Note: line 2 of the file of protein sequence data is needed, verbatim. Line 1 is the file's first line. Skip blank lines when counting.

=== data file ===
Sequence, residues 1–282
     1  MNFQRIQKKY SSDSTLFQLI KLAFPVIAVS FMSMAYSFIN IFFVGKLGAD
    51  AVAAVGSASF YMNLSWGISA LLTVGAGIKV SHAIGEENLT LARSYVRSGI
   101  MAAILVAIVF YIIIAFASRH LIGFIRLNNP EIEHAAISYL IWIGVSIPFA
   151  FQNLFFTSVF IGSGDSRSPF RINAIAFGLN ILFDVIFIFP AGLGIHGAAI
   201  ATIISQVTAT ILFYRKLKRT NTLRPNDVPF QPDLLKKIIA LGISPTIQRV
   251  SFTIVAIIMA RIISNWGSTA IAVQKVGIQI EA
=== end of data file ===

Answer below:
     1  MNFQRIQKKY SSDSTLFQLI KLAFPVIAVS FMSMAYSFIN IFFVGKLGAD